Review of Finite Media: Environmental Implications of Digital Technologies | Leonardo/ISAST

Review of Finite Media: Environmental Implications of Digital Technologies

Finite Media: Environmental Implications of Digital Technologies
by Sean Cubitt

Duke University Press, Durham, NC, 2016
256 pp., illus. 2 b/w. Trade, $84.95; paper, $23.95
ISBN: 0-978-0-8223-6281-4; ISBN: 978-0-8223-6292-0.

Reviewed by
Ana Peraica
June 2017

Media pollution is often defined by semiotic terms of a noise in a transfer of a message through a channel, technologically solvable by the enhancement of media capacity (bandwidth), or advancement of coding (programming / software).

Other senses of pollution, in terms of material by-products but also a whole wasting culture of outdated models in this speeded up usage-oriented economy, are hardly approached by media theory. Still, shocking pictures of ‘electronic graveyards’ as for example Agbogbloshie in Ghana, or some places in China, warn us that e-waste is dangerous. Moreover, only a small part e-waste is recyclable (no more than 15% of parts are re-sold to repairs shops, while as cooper and gold from cables are extracted by firing them), while the rest, predominantly the un-degradable plastic is left to land absorption. Located nearby slum neighbourhoods, having no solution even for the organic waste, e-waste dump yards are polluting natural resources, land and water, commonly in the Third World where the population indicates a large percentage of lead in their blood. Consequently, it results in high percentage of cancer.

A question may be raised: Will technological waste will outlive its creators? Duration of media, long believed to transcend humanity into more pure, digital and abstract-mathematical universe, is in the centre of Cubitt’s new book. Media discourse presented shows signs of post-utopian nature, becoming rather dystopian, as not only a pollution visibly destroys a nature, but also as energy sources, and some materials, are almost exhausted.

Chapters move from almost generally accepted environmental theories to rather complex political ones. Over four chapters, Cubitt describes various systems of pollution that are a direct result or an epiphenomenon of production of mobile phones, LED lights, screens and computers, defining the amount of weight of waste by digital media in kilo per capita. In the first two parts of the book Cubitt concentrates on energy and materials, covering electric and nuclear energy production, as well as issue of disappearance of metals and rare minerals as lithium, aluminium, tin, gallium, indium, and arsenic. In following parts, he develops the idea of material pollution as a paradigm for contaminations of the non-physical. One of the toxicities is informational pollution becoming visible in economic crises that are consequences of trading of abstract data rather than goods in “semiocapitalism”. In the last chapter, Cubitt distinguishes commons from social, where commons are communicative, “mediated by matter and energy, and so material”, contrary to society which is abstract (Cubitt, 2016: 167). Doing so, he founds political and theories in media studies claiming all media is political – not merely their messages, rather than sociology and stating as its goal – ecological communication, using media in order to save the planet.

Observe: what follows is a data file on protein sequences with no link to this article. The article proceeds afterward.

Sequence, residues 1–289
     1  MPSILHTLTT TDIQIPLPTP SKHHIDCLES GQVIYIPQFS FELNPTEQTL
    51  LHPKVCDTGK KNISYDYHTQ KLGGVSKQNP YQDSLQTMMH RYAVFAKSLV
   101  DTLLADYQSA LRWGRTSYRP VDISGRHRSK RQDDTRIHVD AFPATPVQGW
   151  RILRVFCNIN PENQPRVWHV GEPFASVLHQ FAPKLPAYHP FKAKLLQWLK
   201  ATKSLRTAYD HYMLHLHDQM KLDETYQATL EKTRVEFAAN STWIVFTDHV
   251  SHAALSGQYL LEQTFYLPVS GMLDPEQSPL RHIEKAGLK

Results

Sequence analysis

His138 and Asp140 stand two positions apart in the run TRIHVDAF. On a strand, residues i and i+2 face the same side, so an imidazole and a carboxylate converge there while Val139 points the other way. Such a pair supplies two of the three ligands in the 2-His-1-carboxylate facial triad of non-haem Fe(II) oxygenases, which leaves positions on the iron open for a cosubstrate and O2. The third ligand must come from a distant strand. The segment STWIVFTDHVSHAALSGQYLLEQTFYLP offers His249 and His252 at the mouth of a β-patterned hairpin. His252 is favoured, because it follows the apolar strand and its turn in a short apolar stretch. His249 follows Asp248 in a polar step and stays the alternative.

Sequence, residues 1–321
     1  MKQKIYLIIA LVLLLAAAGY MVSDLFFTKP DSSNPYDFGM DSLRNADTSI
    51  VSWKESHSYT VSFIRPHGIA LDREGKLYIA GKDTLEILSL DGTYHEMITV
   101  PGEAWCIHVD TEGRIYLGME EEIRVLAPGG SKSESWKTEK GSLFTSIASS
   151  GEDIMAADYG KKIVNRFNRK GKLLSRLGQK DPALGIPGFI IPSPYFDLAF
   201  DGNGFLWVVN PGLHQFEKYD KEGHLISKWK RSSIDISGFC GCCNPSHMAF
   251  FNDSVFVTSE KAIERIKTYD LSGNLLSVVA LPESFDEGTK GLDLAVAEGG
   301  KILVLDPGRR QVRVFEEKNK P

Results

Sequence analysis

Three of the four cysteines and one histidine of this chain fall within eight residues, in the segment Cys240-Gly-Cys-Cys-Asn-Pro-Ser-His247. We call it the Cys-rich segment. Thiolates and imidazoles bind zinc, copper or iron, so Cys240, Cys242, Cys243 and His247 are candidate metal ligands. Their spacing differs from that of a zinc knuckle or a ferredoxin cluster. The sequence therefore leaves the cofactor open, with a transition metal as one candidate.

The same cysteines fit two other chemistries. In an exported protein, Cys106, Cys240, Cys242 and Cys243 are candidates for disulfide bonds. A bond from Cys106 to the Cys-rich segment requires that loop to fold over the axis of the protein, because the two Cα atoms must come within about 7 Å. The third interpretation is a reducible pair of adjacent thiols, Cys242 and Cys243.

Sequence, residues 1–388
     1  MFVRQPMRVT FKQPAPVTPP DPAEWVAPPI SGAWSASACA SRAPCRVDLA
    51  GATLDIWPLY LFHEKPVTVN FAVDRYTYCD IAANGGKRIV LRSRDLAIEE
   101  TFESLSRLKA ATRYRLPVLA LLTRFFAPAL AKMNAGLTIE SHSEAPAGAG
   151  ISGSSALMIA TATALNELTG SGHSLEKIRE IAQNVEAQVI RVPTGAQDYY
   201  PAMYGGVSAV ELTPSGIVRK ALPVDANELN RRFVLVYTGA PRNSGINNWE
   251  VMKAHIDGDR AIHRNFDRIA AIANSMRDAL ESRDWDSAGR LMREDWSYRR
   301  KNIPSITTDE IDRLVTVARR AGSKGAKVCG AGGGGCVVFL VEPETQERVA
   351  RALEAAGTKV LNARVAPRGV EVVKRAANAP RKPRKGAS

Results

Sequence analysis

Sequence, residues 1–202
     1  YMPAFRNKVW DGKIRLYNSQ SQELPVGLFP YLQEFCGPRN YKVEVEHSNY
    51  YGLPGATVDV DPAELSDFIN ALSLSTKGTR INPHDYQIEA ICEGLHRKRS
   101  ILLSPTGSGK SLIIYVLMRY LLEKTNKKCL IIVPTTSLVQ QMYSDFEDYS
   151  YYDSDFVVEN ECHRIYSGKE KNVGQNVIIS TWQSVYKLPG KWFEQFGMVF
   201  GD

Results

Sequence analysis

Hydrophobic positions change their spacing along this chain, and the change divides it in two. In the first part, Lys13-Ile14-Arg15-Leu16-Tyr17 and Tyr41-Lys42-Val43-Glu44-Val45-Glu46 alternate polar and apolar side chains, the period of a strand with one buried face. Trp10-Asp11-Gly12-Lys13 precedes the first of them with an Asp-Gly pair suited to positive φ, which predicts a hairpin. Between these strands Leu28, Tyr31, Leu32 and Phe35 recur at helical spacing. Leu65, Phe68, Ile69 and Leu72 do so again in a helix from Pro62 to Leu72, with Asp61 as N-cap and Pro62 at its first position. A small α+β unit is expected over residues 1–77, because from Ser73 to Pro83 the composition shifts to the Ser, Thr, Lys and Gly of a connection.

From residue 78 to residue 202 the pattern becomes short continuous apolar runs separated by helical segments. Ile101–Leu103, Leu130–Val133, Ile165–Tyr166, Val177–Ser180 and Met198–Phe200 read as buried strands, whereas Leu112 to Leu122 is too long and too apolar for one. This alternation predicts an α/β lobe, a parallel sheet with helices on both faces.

In criticism of compulsive consumption, Cubitt relies on materialist Marxist theories of ‘accumulation of capital,’ which he reformulates for post-digital age as “ruled by cyborgs, vast biocomputer hybrids characterised by their lack of shame, their obsession with profit, their inhumanity, their suicidal tendency, and the integration of waste into their life cycle” (p. 20). Still, Cubitt’s view on by-products of commodities and compulsory consumption diverge from Marxism in terms of forecast on commons, which, according to Marxists, are to be––communist, while by Cubitt––communicative, shifting the social aspect of ideology onto material one, in which ideas such as ‘toxicity’ or a ‘waste’ gain a completely different meaning.

Filled with cases of environment changes of contemporary age, Cubitt approaches the topic with journalistic clarity and deep comparative activist source-data, uncovering various types of criminal activities that he grounds with many background theories. Discourse started with his Eco Media (2005) crossing to this new, critical approach to the development of computer industry. Similar to previous books, Finite Media is a rather short (and concentrated) reading, with an even lighter style that makes reading a very pleasurable experience.